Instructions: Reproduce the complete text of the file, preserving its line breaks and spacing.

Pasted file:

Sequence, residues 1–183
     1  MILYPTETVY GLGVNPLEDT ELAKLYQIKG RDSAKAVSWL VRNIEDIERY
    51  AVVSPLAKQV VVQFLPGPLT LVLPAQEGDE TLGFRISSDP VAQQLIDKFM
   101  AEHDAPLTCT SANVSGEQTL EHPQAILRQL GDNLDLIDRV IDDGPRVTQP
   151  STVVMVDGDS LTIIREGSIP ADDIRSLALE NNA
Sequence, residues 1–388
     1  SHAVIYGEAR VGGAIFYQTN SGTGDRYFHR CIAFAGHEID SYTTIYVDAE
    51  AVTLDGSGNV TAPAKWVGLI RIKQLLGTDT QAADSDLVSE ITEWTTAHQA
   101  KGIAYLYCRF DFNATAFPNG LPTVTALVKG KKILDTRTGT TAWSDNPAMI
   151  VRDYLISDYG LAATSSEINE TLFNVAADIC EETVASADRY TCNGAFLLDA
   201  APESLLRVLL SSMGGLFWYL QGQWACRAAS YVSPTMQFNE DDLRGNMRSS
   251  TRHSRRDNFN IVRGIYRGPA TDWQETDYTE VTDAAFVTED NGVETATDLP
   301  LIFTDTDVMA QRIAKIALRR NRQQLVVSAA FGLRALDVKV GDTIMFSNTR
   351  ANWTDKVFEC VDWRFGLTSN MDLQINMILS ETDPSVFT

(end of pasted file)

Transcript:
Sequence, residues 1–183
     1  MILYPTETVY GLGVNPLEDT ELAKLYQIKG RDSAKAVSWL VRNIEDIERY
    51  AVVSPLAKQV VVQFLPGPLT LVLPAQEGDE TLGFRISSDP VAQQLIDKFM
   101  AEHDAPLTCT SANVSGEQTL EHPQAILRQL GDNLDLIDRV IDDGPRVTQP
   151  STVVMVDGDS LTIIREGSIP ADDIRSLALE NNA
Sequence, residues 1–388
     1  SHAVIYGEAR VGGAIFYQTN SGTGDRYFHR CIAFAGHEID SYTTIYVDAE
    51  AVTLDGSGNV TAPAKWVGLI RIKQLLGTDT QAADSDLVSE ITEWTTAHQA
   101  KGIAYLYCRF DFNATAFPNG LPTVTALVKG KKILDTRTGT TAWSDNPAMI
   151  VRDYLISDYG LAATSSEINE TLFNVAADIC EETVASADRY TCNGAFLLDA
   201  APESLLRVLL SSMGGLFWYL QGQWACRAAS YVSPTMQFNE DDLRGNMRSS
   251  TRHSRRDNFN IVRGIYRGPA TDWQETDYTE VTDAAFVTED NGVETATDLP
   301  LIFTDTDVMA QRIAKIALRR NRQQLVVSAA FGLRALDVKV GDTIMFSNTR
   351  ANWTDKVFEC VDWRFGLTSN MDLQINMILS ETDPSVFT